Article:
The UK needs to get the balance right between manufacturer-led and academic research of geosynthetics , says John Greenwood.
A free trip to the seventh International Geosynthetics conference in Nice this month, sponsored by the International Geosynthetics Society, was the prize in a widely advertised papers competition. One would think it would be a good incentive for a young engineer or researcher to submit a short paper - but nobody applied!
Eventually students taking the geosynthetics in construction MSc module at Nottingham Trent University were persuaded to enter a revised competition. As reported in the July issue of GE, the prize was awarded to Catriona Miller for her excellent presentation and written paper on the use of geotextiles in coastal protection at East Weymss, Scotland.
Perhaps the lack of interest reflects the worrying decrease in the level of geosynthetics related knowledge, research and development in the UK. Much of the research and development work has been led and sponsored by manufacturers, with the consequence that there is possibly too little 'blue sky' research funding available.
Designers and engineers for small and medium projects have relied too much on the material suppliers for technical help, design and backup. This means the design solution is sometimes the wrong way round: 'we have a product, what will it do?', rather than 'we have a problem, what product will solve it?' Designers frequently choose to use a product because they have used it before, without really knowing why or what it does or even if it is appropriate. This lack of understanding leaves the manufacturers to second guess the industry's needs in what, for many of them, is only a peripheral product within their range.
Given the dramatic increase in the use of geosynthetics on construction projects, I suspect that research into their performance and development of new products has now fallen below acceptable levels. And as manufacturers have become more international in their company structures, they have been able to call on international resources to support their research initiatives, further reducing UK research activity.
So where does this leave the UK? The European dimension is important, with excellent initiatives taken to harmonise the specification and testing of geosynthetics.
But I question whether there is sufficient UK research activity to clarify and support the technical issues to take to the European and International Committees for 'harmonisation'.
Interaction with European and international colleagues is valuable. My own experience with an EU-funded Fifth Framework project (Ecoslopes - Use of vegetation to stabilise slopes) has demonstrated the immense 'added value' of working with European partners in terms of development and application of research.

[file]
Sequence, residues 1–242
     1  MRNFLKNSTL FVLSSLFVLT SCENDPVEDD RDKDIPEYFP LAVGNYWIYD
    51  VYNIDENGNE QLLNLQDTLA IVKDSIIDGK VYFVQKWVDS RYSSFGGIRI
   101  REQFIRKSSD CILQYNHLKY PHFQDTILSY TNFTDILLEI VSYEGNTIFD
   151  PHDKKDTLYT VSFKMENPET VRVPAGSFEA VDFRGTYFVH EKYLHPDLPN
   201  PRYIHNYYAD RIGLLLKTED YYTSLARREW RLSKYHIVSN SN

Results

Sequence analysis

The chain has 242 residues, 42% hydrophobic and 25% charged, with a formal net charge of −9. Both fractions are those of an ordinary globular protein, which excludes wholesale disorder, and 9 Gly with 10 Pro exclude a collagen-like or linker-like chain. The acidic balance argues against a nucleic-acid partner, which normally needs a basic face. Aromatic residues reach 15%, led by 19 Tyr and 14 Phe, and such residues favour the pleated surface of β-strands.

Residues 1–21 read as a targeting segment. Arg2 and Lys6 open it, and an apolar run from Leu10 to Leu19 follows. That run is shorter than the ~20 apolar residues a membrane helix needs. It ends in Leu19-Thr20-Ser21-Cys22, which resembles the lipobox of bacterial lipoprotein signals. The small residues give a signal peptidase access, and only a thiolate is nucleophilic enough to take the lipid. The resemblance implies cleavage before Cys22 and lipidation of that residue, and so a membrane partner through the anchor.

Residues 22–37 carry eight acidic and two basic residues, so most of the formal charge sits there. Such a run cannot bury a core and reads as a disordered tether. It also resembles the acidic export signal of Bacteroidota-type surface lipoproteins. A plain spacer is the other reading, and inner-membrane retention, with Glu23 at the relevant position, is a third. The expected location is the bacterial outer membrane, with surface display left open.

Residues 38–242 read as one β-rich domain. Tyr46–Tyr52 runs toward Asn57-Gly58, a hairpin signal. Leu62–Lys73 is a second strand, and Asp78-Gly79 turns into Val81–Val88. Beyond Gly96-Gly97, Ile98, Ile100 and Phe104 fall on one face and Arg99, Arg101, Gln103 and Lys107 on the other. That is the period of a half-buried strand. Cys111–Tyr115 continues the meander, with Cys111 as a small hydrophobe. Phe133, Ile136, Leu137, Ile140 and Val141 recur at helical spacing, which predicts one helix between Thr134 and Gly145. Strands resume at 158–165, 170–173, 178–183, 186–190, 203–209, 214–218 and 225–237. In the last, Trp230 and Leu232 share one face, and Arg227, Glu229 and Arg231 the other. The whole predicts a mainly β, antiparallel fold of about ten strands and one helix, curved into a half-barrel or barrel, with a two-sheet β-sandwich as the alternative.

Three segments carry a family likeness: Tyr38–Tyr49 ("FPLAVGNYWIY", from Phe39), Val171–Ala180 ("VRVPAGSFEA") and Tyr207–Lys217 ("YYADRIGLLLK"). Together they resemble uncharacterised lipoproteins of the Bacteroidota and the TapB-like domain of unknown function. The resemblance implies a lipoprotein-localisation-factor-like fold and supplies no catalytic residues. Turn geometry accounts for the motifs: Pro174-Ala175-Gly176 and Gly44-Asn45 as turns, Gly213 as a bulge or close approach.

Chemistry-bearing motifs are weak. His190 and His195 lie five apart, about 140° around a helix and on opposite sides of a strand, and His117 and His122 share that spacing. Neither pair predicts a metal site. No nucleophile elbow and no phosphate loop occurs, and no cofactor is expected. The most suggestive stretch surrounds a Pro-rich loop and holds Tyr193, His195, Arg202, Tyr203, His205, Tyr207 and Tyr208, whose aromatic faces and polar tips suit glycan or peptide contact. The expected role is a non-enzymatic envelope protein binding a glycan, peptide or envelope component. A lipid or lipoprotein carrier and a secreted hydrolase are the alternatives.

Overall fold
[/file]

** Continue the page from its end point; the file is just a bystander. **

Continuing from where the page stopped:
But I suspect the fundamental, basic research is best done in local, focused groups based in academic institutions. An injection of national funding is needed to redress the research balance and make better use of the technical capabilities in our universities.
At Nottingham Trent University we are well established as a test centre for 'geoproducts'. We have large scale test and modelling facilities for compression, shear and permeability testing, supported by enthusiastic academic staff and innovative technical staff. While this supports specific manufacturer-led developments, we still need to address the basic understanding of the behaviour of geoproducts in the ground.
We are frequently asked to investigate materials only when a lack of understanding of the insitu performance has caused something to go wrong.
Innovative basic research could be encouraged by the ready availability of seed-corn funding from research councils. A sum of £2000 could be awarded to companies and academic institutions based on the innovative ideas of an individual. An initial £500 might be provided on submission of a short proposal. This would encourage the individual to spend time developing the ideas with their company/institution support, coupled with collaboration with the end user and specifier of the material.
The remaining £1500 would be payable to the company/institution on submission of a short report on the outcome of the initiative with recommendations for further work and funding requirements. Promising ideas could go forward for further funding.
The UK Section of the IGS is also exploring ways to encourage funding and record research activity. The first of a series of national conferences is planned for June 2003 on the subject 'Geosynthetics - protecting the environment'.
The ideal way forward is a balance of commercial and end-user led innovation and development alongside government support of more basic academic research.
Achieving thisis always going to be difficult but all the stakeholders in the geotechnical community need to combine to support the safe, efficient application and understanding of geosynthetic products.
John Greenwood is chairman of the UK Section of the International Geosynthetics Society and runs the masters course in geotechnical engineering at Nottingham Trent University.